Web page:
I did a sheath for the Bowie and one for the Hunter, the two knives I made as a Christmas gift for my brother and my father. I used a very thin, sloppy and colored chrome tan leather for them. The next sheath I made was for the JAMZT53 knife. This was also the first time I got the right leather (veg-tan) and did some leather carving and punching to give the sheath a nice looking surface.
Now I just finished the Kukri III and wanted to make a sheath that suits the quality of the knife of my customer and friend Joe. The last time I bought a pretty small piece of leather where the needed sheath parts fit barely on to. Now I looked for a supplier of bigger leather pieces to work with and I found one pretty close to where I live. They are a supplier of professional saddlery stuff. I ordered one square meter and a tube of leather glue.
Unfortunately, the delivery service went pretty rough with my package so that the tube of glue was damaged and some glue spilled into the package. Fortunately, the leather was not affected. But the tube was damaged. I wrote the supplier an E-Mail. Professional as they are I promptly got send a new tube of glue and a kind E-Mail where they said sorry.
The main problem with sheaths for Kukri knives is that the blade is wider at the tip, so I needed to make a form where the blade would slide in easily but would stay in the sheath safely when carried on the belt. I did a similar form for the Bowie of my brother.
The second important thing to think about ist what to make in which order. If you don’t think that to the end, then you can not fasten for example the push buttons later.
But first I had to do the leather punching. I tried all the steps out by making a little sheath for my first “Signature” knife. I just wanted to make a little different pattern for the Kukri and the sheath would also get dyed black to suit the ebony wood handle.
One thing I learned from the little test sheath was: Put tape on the back of the leather before making the leather wet and punching it. This prevents the leather from stretching. A tip I found in one of the plethoras of YouTube Vids I watched about leather works. I did not do this on the little sheath and It stretched about 2 centimeters (!!!) in one direction.
The second thing I learned: leather dye works great – on hands too. You just have a look at it and everything is stained – and it soaks through sponges in no time. Latex gloves solved the problem. Same for the glue, it is working amazingly. Fortunately, the dye and the glue dry very fast when working with them.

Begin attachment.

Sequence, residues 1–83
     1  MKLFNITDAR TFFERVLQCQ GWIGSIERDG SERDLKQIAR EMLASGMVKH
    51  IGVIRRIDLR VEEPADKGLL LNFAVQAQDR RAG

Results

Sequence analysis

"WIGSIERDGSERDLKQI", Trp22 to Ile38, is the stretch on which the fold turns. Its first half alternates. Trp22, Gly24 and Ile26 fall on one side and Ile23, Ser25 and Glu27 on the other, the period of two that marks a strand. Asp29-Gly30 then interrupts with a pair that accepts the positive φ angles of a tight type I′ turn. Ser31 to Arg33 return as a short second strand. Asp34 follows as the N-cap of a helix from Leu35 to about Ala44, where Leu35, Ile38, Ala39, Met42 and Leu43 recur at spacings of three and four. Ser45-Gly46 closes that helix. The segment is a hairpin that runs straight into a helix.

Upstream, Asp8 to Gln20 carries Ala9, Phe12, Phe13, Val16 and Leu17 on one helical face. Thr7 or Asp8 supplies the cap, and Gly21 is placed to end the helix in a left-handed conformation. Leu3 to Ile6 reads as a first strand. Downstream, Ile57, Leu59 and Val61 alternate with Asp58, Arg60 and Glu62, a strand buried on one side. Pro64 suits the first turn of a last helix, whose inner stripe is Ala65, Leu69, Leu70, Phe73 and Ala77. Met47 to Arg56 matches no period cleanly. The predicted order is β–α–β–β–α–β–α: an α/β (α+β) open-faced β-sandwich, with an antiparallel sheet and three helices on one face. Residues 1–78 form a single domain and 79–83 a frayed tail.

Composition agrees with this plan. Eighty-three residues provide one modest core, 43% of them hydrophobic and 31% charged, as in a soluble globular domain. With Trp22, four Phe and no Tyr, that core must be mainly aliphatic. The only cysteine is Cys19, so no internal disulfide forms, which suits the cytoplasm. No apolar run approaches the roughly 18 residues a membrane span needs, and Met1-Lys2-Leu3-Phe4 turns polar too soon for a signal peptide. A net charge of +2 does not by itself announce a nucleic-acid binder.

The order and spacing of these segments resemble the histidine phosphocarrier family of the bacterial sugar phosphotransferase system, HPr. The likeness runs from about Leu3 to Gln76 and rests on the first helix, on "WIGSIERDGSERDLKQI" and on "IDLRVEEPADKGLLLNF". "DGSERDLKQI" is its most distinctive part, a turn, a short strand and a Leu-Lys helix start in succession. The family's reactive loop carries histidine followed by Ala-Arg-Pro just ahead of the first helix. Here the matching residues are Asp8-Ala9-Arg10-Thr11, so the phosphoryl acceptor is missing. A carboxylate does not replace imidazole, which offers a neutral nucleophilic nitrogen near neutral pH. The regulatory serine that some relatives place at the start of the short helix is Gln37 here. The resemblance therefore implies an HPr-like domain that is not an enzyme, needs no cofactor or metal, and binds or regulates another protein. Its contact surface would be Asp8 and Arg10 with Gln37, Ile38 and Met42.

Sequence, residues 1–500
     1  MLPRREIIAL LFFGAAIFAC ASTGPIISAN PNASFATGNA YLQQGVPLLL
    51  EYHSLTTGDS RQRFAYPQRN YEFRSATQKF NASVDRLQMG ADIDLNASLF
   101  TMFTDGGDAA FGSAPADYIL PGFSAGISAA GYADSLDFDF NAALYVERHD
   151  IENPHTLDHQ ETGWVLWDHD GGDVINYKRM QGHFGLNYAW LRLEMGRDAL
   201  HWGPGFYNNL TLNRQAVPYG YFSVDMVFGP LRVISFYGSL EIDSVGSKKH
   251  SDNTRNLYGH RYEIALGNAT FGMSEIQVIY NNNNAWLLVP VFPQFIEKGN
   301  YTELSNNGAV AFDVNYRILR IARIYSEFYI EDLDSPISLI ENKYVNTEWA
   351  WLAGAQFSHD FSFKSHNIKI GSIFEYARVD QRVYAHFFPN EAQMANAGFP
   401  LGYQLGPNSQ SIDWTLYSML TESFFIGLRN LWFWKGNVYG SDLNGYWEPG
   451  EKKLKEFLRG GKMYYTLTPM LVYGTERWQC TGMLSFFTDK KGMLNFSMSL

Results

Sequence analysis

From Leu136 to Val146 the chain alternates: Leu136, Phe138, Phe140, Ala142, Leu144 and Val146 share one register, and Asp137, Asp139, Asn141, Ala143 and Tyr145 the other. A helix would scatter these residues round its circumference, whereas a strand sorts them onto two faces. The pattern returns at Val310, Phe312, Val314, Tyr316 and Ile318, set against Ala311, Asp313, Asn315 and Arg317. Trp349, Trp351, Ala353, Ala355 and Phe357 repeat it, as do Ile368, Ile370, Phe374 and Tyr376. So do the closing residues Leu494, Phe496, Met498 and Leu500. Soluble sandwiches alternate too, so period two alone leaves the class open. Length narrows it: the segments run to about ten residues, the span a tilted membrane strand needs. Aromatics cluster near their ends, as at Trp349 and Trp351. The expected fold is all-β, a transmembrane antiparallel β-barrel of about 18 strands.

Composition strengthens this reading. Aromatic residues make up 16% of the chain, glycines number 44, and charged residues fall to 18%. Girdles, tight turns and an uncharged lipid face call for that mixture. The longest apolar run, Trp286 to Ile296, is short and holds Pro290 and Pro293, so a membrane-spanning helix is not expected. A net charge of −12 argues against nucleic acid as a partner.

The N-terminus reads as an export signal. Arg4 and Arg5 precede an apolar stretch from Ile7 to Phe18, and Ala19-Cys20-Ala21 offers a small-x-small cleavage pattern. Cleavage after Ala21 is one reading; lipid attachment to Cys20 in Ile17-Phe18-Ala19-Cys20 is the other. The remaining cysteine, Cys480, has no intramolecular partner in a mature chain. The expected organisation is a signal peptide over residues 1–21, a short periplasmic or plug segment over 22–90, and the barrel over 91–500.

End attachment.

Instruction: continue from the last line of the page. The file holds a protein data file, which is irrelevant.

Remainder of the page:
Before stitching anything I glued the leather together and the bonding is very tough. The stitching ads some stability and looks great. I decided to go with accented stitching lines and chose a light color for the thread. I bought a set of hole punches but they won’t work through three layers of this thick leather – so I just used them to mark the holes and used my mini drill to put in the holes one by one.
Another tough task was to fit the push buttons. They are not made for such a thick leather and so I needed to thin the leather down at the spots where I wanted them. I hammered a number of them and they got crooked before I had the right thickness of leather.
I bought some more tools like a stitching pony and an edge-beveler. The first one really helps as a third hand while stitching and the second one makes smooth rounded corners that later help when burnishing the leather edges.
The sheath has a folded part at the top of the wide part of the blade. The little sheath I did first also was folded instead of two parts stitched on top of each other. There I found out that I need to add a bit of space between the front and the back half, as the folding of the thick leather needs a bit of extra material. So I took that into account for the Kukri. That did work better but was still a bit tight. The knife now fits in like into a glove and if the leather stretches over time it will still hold the blade securely. Next time I will add some millimeters extra though.
I watched some tutorials on how to do a correct saddle stitch, not hard to do but it adds some extra durability and it looks so clean. Finally, all came together and I cut the leather straps to the correct length. I burnished all the edges that came together in the last step and treated them with beeswax. Last I treated the whole sheath with fine leather fat and I polished it. So the black color came out even better.
I posted some pictures on my Instagram account @simplyknives and my friend Joe, who I made the knife for, was very happy with the result. That is when all the hard work pays off when you hear and feel the excitement that results out of every minute that is spent into that piece of steel, wood, and leather.